July 07, 2011

The science of staying cool

It is a warm day in Stockholm, and I noticed a couple using a black umbrella as a parasol. Is that a good idea?

Let's assume the umbrella surface is perfectly black, absorbing all sunlight. Then it will heat up and re-radiate the energy as infra-red. But since it is thin, it will radiate it from both sides. So the total energy flux on the underside will be half the incident flux - the umbrella helps, but to a first approximation it is only half as good as avoiding the sunlight or having a perfectly reflecting parasol.

[See comment by Ralph Hartley below]

Doing the math: a parasol with albedo a, subject to an incident flux F Watts/m^2 and with emissivity e and s as the Stefan-Boltzman constant, has the following energy balance relation: aF = 2esT^4. So the equlibrium temperature will be T = (aF/2es)^0.25. For Swedish sunlight I would guess F is at best 200 W/m^2, a is between 0.1 (umbrella) and 0.7 (parasol), emissivity is likely pretty high in both cases, so I guess 0.9. That gives an equilibrium temperature of 118 and 192 Kelvin, respectively. Far lower than the freezing point! What gives?

The answer is of course that radiation is just part of how heat gets transferred on a summer day, and that I also neglected the heat emissions from the surroundings. There is also heat conduction, convection carried heated air away, and evaporative cooling (when we sweat). Digressing from the umbrella/parasol question, how can we keep cool most efficiently?

Air has a low thermal conductivity (0.025 W/mK). Getting rid of excess heat from your body solely by conduction is hard - a temperature difference of a few degrees between you and the world over a distance of 0.1 meters (the rough depth of our body heat cloud) leads to a puny flow of just some tenths of a Watt. We generate up to 100 Watts just by being warm blooded, so this doesn't do much.

Convection is much better. Air has an overall heat transfer coefficient (which includes convection and conduction) of 10 to 100 W/(m^2K). Humans have a surface area of around 2 m^2, and for a 1 degree temperature difference the heat flow becomes between 20 to 200 Watts - definitely enough to keep us cool. This is of course also the reason for clothing and hair: even the 16 degree difference between a 21 C office and a 37 C human could in principle cool us at a rate much bigger than we can heat ourselves. When the convection is pretty mild (like around humans) the effective coefficient also becomes lower. It can be increased a lot by moving the air around, for example by a fan.

Are hand fans useful? On one hand they cool us, but we need to do some extra work too. I estimate that waving a fan around moves a few liters of air per second, moving them around 0.3 meters using a force of perhaps 1 Newtons. The total work is 0.3*1 = 0.3 Watt. The cooling effect likely jumps the effective heat transfer by a factor of 10 or so over an area of (say) 0.1 m^2. That is worth at least a Watt per degree of temperature difference, and probably much more. So fans are worth it.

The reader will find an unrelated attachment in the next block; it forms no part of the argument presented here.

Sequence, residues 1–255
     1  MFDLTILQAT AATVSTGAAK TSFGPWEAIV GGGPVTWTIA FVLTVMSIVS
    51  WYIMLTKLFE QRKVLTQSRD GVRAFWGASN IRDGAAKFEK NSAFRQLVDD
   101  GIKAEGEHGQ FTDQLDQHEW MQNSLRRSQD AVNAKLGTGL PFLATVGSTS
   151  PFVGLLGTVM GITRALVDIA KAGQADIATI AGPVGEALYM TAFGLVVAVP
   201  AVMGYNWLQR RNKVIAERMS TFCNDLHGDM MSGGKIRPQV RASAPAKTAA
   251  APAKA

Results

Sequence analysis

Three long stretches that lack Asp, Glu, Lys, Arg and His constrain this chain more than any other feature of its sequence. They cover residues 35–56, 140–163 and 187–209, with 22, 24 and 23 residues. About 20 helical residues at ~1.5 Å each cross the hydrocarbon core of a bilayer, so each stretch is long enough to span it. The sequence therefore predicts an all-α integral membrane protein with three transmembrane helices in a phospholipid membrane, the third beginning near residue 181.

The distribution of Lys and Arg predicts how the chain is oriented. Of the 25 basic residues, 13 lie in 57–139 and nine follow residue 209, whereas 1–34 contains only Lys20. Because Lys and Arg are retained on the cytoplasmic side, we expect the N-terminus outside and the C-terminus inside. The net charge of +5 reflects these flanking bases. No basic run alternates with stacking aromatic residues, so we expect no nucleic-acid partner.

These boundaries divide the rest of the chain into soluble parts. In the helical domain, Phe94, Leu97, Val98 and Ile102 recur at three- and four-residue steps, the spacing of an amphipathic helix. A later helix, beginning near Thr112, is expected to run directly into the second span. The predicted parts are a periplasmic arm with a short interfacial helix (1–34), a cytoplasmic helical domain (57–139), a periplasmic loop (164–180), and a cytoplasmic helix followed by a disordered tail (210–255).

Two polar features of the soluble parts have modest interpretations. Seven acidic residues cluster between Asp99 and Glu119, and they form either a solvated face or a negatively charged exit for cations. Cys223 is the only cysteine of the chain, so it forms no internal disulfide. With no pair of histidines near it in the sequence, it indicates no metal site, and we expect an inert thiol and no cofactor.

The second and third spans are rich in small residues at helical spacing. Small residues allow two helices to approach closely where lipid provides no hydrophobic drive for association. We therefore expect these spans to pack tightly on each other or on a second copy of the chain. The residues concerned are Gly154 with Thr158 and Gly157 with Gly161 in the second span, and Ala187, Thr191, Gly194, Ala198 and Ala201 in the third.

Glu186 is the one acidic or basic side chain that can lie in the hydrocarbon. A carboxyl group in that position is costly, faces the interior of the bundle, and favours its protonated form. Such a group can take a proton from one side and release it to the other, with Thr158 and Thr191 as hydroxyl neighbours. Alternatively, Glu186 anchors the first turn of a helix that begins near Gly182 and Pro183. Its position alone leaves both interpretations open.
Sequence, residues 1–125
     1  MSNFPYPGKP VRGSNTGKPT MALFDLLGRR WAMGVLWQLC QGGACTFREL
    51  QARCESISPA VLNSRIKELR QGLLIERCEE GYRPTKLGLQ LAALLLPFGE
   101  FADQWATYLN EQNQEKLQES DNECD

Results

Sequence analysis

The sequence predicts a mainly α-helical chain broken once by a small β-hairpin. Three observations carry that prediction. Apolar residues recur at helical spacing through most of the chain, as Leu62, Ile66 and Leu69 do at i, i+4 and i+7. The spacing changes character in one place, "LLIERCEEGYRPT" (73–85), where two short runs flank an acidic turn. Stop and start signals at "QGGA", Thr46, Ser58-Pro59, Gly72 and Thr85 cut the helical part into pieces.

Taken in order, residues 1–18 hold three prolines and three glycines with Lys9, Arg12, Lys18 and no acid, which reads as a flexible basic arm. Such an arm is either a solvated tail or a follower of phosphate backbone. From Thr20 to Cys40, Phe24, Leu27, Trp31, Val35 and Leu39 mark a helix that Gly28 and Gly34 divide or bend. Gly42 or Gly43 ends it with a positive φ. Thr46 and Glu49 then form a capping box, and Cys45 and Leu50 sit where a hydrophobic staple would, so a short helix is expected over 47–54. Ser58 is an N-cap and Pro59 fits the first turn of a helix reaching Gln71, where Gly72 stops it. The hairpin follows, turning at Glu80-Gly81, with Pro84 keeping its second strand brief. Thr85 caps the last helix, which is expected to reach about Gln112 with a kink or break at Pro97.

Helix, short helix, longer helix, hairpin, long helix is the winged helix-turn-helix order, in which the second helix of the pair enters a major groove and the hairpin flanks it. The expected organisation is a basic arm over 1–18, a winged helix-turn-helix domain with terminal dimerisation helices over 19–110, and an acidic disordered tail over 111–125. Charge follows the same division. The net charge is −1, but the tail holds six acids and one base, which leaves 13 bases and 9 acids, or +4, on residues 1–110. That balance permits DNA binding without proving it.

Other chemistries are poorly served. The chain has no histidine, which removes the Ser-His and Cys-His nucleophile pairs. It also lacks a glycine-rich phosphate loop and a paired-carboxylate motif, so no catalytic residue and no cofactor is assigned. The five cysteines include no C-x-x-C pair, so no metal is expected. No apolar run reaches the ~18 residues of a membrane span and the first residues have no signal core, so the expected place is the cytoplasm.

Of course the great cooling effect is from perspiration. When sweat evaporates the latent heat of evaporation has to be supplied, cooling the body. A litre of sweat per day (which I assume is typical for a warm day) corresponds to around 2256 kJ of energy per day, or 26 Watts. That is pretty decent and can be scaled up by sweating more (at least if the air is dry enough - there are some complications in evaporation).

If you can get water externally you not only can get wet without loosing water yourself, but it also is an excellent thermal conductor and convector. Even water at ambient temperature will tend to cool, unless it is higher than your body temperature.

What about drinking a cold drink? An average weight 80 kg person drinking a 0.1 liters of ~0 C ice cold lemonade needs to supply 0.1 * 4.2 kJ * 37 = 15.5 kJ. That is around 155 seconds of 100 W metabolism. If the person were a perfectly mixed liquid mixing with the drink, it would lower their body temperature from 37 C to 36.95 C. So the cooling effect of a drink is likely more due to more liquid for sweating, and sitting in the shade drinking it rather than the temperature of the drink itself.

[Comment by Ralph Hartley:

While the sun's rays are nearly parallel, the radiation from the umbrella is nearly uniform, much of it will miss the person underneath.

The actual amount of heat reaching the user depends on how high the umbrella is held. Only if it were very large relative to the distance would your factor of 2 be correct. For a large distances it is proportional to A/r^2 (with a constant involving 2PI?), until the umbrella is too far away to completely cover the sun's disk.

Consider an umbrella made of bumpy glass, which doesn't absorb or reflect any light at all, but uniformly scatters the rays as they pass through. It would still cast a shadow (surrounded by a bright ring). It would be half as good as a black umbrella, but still much better than nothing.

This is a good point, although I think normal umbrellas cover a significant part of the sky of the holder, making them receive much of the randomized radiation. But it is true - and rather intriguing - that a parasol of frosted glass might be as good as an umbrella for keeping cool. ]

Posted by Anders3 at July 7, 2011 12:13 PM